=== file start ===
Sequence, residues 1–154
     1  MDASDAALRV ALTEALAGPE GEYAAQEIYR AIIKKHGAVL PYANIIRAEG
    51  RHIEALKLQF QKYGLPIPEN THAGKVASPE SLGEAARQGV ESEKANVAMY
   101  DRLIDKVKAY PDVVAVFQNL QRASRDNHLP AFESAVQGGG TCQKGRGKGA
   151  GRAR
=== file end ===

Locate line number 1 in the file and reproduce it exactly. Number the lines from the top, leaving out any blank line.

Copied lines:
Sequence, residues 1–154